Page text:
'Racists, police, the media won't divide us'
"A LOT of Jason's white friends are too scared to speak out. I want all of us to join together and fight this. We have already lost two members of our family and no one should have to go through that." That was the plea from Sinead McGowan, widow of Jason McGowan, one of two black men from the same family found hanging in Telford after suffering racist death threats. Jason was found hanging on New Year's Day, six months after his uncle Errol was found dead. Errol had been on the receiving end of two years of racist harassment.
The local police have insisted up until now that the two men killed themselves. Sinead was addressing a packed and emotional public meeting in Wellington, Telford, on Wednesday of last week. The McGowans had met West Mercia police the day before and forced them to reopen their investigations into the two men's deaths. Two hundred people turned out for the meeting. Black and white, young and old, they were determined to voice their support for the McGowans.
They also wanted to make it clear that they were disgusted with the adverse coverage given by the Sun and the local Shropshire Star. The Sun dug out the estranged father of Jason last week to say that he believed his son had committed suicide. The Shropshire Star ran a front page story, "Warning Over Race Backlash", implying that the campaign for the McGowans was stirring up racial hatred. This particularly angered the McGowans, as Jason was working for the Shropshire Star at the time of his death.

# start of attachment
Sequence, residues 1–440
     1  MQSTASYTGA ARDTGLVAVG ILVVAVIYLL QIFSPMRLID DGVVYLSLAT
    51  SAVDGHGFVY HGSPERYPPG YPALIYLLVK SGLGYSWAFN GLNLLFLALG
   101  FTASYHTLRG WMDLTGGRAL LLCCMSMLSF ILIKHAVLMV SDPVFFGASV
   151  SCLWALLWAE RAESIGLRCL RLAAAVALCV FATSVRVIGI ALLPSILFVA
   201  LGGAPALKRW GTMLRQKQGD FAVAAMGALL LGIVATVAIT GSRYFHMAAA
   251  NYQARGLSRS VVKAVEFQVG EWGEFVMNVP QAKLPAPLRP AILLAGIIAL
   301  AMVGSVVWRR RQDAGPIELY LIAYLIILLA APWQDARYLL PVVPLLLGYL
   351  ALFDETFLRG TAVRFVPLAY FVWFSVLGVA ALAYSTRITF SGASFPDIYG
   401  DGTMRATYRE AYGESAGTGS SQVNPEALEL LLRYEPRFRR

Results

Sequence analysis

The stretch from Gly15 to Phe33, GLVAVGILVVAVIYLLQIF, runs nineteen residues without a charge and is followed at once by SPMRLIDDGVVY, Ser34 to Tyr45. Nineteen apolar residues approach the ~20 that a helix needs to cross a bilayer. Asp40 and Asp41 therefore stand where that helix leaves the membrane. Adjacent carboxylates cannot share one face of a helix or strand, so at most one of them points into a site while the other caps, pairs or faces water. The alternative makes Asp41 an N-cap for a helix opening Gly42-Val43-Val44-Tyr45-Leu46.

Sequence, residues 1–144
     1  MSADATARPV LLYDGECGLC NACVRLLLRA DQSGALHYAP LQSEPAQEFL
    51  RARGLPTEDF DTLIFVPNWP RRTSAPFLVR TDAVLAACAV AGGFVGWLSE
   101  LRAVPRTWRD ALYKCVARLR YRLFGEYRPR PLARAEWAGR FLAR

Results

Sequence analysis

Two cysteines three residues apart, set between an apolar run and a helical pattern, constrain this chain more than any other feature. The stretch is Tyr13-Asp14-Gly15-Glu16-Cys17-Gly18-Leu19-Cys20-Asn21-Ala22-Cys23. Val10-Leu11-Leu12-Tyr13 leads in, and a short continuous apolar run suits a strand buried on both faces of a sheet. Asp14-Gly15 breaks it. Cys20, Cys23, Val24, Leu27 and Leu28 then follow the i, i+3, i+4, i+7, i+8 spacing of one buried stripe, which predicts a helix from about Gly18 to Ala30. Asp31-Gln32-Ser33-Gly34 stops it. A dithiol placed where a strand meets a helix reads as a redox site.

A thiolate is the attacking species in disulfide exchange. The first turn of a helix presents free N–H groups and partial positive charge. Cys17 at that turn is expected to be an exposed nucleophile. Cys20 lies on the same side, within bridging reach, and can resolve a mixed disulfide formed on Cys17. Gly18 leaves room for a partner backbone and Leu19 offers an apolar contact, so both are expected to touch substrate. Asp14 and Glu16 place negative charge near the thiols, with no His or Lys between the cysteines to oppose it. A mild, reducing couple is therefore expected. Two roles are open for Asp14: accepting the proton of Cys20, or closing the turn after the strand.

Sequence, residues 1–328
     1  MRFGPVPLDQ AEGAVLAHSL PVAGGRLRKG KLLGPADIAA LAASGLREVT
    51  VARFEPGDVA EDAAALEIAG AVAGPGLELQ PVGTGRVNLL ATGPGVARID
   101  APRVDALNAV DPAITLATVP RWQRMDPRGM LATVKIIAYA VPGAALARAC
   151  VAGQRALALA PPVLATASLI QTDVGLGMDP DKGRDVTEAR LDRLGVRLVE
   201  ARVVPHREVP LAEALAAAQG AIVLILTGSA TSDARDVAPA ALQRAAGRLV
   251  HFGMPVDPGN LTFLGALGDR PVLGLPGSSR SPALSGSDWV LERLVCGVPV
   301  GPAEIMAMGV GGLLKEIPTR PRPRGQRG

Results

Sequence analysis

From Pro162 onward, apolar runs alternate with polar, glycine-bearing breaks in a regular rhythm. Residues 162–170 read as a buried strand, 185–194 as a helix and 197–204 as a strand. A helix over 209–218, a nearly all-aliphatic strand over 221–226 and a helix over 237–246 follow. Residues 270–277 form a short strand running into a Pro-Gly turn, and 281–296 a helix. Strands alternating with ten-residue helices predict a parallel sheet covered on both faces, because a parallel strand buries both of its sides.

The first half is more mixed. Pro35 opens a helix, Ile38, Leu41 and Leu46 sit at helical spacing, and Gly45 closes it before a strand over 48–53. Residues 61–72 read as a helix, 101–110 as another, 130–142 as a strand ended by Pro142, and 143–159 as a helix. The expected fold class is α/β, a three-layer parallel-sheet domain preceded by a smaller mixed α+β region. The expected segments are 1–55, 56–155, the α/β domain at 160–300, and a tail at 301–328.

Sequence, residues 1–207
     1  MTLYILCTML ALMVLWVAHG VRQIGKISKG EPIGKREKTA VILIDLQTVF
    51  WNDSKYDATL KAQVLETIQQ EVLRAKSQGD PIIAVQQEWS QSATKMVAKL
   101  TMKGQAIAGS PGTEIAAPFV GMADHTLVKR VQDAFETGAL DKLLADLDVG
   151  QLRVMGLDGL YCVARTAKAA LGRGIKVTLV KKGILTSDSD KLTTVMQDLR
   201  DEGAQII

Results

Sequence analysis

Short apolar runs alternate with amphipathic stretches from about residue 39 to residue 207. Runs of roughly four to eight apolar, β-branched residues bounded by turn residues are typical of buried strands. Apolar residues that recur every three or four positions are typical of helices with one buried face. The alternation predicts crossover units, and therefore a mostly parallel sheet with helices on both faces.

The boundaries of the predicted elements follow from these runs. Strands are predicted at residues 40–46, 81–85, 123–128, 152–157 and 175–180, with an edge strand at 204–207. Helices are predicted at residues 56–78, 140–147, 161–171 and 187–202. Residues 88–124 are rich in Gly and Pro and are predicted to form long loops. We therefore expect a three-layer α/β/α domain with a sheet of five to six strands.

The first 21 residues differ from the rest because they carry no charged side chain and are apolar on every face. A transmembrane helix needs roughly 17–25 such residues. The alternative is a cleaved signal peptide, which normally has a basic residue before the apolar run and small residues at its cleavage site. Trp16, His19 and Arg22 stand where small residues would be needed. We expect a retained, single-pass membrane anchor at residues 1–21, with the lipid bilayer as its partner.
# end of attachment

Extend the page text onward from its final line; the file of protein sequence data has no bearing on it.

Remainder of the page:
Cliff McGowan, brother of Errol and uncle to Jason, told the meeting he was "disappointed with the way they [the Shropshire Star] seem to want to support the police from the beginning. They seem to want to dig up as much dirt on the family as possible."
Cliff was also critical of the way local politicians have tried to play down racism in Telford. Also on the platform was Socialist Worker journalist Hassan Mahamdallie who said that the police were refusing to learn the lessons of the Stephen Lawrence scandal and that local people, black and white, should get behind the McGowans. Speakers backed the platform's view.
Shropshire Star employee Simon Parton, who worked with Jason, made it clear that many of the staff were against the line the Star had taken. Simon said, "I am here as a friend of Jason. There is wholehearted support within my work colleagues for the McGowans. And I know Jason did not kill himself." One man said he was disgusted that the council had allegedly been putting out memos telling people not to speak about the case: "They seem more worried about tourism and the economy of the town than the McGowans."
An elderly black man stood up and addressed the meeting. "I'm deeply impressed that so many people have come out tonight. This racist business has gone on in Telford for far too long," he said. He made it clear that he would fight any attempt to divide black from white. "I've got white grandchildren and I love them with all my heart. People think that it's only going to be black people who are going to fight this. They are wrong. We are not fighting on our own. White people will stand and fight with us. We've got to unite." Council worker Mike Jeffries, who had brought many of his workmates to the meeting, backed him. Mike had a message of support for the McGowans from his union branch.
- For petitions, leaflets, and speakers write to: Justice for Errol and Jason McGowan, PO Box 216, Telford, TF1 4WU.